Yes, I’ve read the headlines, and once again – although perhaps a bit more so than previous iterations – the previous year (2016) was one for fawning over many-a-departed pop stars. David Bowie, Prince, Leonard Cohen, George Michael, and many others. Pop stars aren’t really my thing, but if that stuff floats your dinghy, well, all the best with that. In the meantime, 2016 was also the year that several luminaries with a more agrarian bent also bade their farewell, beginning with the co-founder of Permaculture, Bill Mollison. Just a couple of weeks ago one of Permaculture’s most respected and more recent practitioners and teachers, Toby Hemenway, also made an all-too-early departure. But along with these, 2016 also saw us lose an agrarian outside the world of Permaculture, that somebody being the aptly named Contrary Farmer, Gene Logsdon.
I’ll admit that I’m nowhere near as familiar with Logsdon’s writing as I am with others of the American Agrarian Crew (as I call them) – Wendell Berry, Wes Jackson, Gary Paul Nabhan, etc. – or what Logsdon referred to as “the five musketeers, a quintet of somewhat radical thinkers and doers coming together in opposition to the steady consolidation of farming into an international mega-agribusiness monopoly” – Berry, Jackson, Maurice Telleen, David Kline, and himself. Having gone through a heavy and prolonged dose of the aforementioned and other agrarian authors a few years ago, I’d somewhat overdosed on said writing and had to take a break from it all, just as I was getting to Logsdon. I did however read just enough – to go along with a bit of a recent nudge – that I’ve been able to realize that Logsdon left us all with a rich treasure trove of writing to discover.
The first of Logsdon’s writings that I (unsurprisingly?) read – and thoroughly enjoyed – was his book Good Spirits: A New Look at Ol’ Demon Alcohol, but it was then with (misplaced) disappointment that I soon thereafter discovered his book Gene Logsdon’s Practical Skills: A Revival of Forgotten Crafts, Techniques and Traditions in a thrift shop. “Seriously?”, I asked myself. “Did Logsdon actually write one of those hokey ‘101 Ingenious Ways to Using Baking Soda’ type books?” I of course bought it anyways (I probably paid $2.50 for it), and after languishing on my book shelf for a couple of years I one day found myself with nothing to read and so pulled it out.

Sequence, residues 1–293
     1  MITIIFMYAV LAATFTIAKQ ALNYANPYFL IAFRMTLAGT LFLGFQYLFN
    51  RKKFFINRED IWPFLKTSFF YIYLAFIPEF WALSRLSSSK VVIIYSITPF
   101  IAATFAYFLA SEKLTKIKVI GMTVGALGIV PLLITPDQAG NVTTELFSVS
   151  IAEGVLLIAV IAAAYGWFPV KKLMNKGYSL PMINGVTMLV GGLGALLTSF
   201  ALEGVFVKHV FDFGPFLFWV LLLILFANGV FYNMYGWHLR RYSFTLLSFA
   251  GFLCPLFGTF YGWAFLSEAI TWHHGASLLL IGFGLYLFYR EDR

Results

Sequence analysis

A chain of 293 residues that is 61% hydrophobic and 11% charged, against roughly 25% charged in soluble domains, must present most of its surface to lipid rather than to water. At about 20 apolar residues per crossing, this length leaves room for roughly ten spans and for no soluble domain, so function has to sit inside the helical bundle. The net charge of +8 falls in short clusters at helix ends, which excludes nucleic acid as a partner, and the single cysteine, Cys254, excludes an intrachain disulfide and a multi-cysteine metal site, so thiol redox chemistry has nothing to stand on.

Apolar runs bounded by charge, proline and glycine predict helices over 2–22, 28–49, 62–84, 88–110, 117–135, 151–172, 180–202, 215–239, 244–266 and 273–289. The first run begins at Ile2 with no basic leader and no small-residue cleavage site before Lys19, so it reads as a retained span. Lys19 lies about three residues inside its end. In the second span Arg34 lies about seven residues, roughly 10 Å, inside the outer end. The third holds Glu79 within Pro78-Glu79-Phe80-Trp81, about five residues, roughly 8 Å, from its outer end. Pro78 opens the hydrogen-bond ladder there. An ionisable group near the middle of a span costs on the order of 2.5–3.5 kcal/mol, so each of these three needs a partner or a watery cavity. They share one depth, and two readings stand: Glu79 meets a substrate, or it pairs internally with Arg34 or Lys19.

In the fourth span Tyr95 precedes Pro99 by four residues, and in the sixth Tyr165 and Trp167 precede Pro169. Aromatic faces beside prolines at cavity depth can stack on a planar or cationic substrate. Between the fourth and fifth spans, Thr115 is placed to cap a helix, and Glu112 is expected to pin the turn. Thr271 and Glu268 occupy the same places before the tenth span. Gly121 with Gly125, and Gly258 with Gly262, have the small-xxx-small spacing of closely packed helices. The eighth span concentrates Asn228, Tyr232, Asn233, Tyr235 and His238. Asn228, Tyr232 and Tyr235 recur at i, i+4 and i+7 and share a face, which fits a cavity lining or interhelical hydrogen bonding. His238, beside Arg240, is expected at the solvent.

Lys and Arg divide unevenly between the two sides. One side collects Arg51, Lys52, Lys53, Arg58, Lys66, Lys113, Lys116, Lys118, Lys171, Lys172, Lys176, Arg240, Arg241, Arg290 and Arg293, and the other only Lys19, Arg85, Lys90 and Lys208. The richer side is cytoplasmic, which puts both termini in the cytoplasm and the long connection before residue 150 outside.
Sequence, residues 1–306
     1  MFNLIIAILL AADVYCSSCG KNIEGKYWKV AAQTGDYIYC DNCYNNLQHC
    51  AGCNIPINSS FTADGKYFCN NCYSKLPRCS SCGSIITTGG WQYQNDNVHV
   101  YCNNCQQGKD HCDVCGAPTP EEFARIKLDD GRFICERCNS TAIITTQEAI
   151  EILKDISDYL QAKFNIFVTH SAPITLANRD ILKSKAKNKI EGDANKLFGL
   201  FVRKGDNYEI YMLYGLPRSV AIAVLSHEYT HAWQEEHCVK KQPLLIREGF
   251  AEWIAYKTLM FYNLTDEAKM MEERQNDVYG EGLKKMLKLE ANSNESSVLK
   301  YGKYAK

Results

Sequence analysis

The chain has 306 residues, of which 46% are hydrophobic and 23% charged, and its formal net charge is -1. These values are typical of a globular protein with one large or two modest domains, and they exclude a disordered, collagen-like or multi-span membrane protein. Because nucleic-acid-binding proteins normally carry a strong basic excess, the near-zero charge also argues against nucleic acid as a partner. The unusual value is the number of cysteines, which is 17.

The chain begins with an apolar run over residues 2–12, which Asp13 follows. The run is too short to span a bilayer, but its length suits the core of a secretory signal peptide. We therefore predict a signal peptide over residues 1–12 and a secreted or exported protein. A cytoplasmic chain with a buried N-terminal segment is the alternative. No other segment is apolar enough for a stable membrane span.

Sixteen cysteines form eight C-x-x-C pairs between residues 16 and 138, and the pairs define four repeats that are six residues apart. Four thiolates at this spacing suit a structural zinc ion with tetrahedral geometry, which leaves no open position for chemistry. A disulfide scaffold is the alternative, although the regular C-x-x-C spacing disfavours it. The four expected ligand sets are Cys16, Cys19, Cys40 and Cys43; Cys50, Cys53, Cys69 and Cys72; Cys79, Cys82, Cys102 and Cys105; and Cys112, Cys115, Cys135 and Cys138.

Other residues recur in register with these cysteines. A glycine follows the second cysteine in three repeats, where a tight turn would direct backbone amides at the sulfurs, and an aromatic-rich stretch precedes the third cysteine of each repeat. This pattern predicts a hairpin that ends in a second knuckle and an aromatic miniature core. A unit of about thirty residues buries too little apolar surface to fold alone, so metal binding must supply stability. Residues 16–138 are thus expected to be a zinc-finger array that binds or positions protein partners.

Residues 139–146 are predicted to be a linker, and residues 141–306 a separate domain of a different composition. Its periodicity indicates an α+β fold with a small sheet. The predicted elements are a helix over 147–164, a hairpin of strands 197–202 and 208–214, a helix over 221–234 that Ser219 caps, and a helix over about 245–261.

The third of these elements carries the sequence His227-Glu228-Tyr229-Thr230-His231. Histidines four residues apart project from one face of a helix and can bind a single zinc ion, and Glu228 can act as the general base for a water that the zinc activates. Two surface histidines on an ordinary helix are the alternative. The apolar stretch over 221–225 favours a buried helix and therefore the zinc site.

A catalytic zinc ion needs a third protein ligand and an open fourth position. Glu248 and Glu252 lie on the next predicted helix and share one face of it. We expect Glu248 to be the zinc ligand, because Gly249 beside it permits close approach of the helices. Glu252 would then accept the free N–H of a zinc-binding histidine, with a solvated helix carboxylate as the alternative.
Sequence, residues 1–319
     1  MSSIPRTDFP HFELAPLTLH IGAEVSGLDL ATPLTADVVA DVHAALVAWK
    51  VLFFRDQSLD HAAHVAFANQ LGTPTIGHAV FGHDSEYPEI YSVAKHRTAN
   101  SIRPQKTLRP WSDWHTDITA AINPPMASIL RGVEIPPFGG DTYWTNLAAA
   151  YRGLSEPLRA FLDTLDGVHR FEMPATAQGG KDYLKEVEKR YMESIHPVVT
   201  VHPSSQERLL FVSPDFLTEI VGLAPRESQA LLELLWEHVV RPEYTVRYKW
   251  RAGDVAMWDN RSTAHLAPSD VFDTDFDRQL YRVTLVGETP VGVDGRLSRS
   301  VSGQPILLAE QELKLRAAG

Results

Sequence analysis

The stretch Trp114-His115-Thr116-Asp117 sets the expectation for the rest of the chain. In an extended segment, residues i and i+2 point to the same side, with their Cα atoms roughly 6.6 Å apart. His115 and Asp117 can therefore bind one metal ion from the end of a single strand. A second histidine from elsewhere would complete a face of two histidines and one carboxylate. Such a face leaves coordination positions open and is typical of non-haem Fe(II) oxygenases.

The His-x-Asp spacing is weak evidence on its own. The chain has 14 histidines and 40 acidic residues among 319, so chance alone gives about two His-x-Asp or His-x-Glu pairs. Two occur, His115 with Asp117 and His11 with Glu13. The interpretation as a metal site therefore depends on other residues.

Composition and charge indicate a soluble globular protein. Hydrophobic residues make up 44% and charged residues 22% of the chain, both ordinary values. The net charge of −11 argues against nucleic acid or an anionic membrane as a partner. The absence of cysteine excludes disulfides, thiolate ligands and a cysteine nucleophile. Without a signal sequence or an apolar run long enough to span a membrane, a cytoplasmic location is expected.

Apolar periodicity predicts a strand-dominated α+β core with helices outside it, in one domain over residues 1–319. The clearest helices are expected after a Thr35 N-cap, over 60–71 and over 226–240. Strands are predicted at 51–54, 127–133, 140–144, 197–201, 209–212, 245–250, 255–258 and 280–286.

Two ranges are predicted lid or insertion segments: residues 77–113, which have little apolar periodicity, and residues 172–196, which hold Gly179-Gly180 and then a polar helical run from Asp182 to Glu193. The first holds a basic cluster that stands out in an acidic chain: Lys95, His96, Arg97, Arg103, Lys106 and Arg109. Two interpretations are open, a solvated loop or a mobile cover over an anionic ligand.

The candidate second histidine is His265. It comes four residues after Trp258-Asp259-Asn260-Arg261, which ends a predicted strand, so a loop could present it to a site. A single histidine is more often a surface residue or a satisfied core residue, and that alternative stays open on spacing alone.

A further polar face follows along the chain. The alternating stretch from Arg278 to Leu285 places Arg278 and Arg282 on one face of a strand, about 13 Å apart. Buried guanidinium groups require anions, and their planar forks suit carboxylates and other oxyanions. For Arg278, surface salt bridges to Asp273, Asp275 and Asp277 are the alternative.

“Holy Shit“, I exclaimed to myself (and as Logsdon titled one of his books). Speaking as a suburban-raised boy (who has at least done his fair share of WWOOFing and, yeah, has [merely?] read several agricultural books of various persuasions), what Logsdon pulled off with Practical Skills is a fantastic little window into the nitty-gritty practicalities of farming and homesteading ways of life like no other book I’ve come across.
But while being extremely practical, Logsdon was certainly well aware that man does not simply live from bread alone. As just one example, it’s no secret that many of those in learned and sophisticated circles would be – and are – often averse to giving much weight to the words of a “mere” farmer when it comes to such things as art (or even to farming actually), but it kind of seems to me as if there’s nobody like a good farmer to elucidate the ultimate purpose of art. As Logsdon wrote in his book The Mother of All Arts: Agrarianism and the Creative Impulse,
As a working definition of art, I lean towards Tolstoy’s: “Art is a human activity having for its purpose the transmission to others of the highest and best feelings to which mankind has risen.” It seems to me that, regarding agrarian art, the farther it moves away from the natural world, especially when the main goal is money profits, the more difficult it becomes for it to reflect “the highest and best feelings” of humanity. The same is true, of course, of agriculture itself.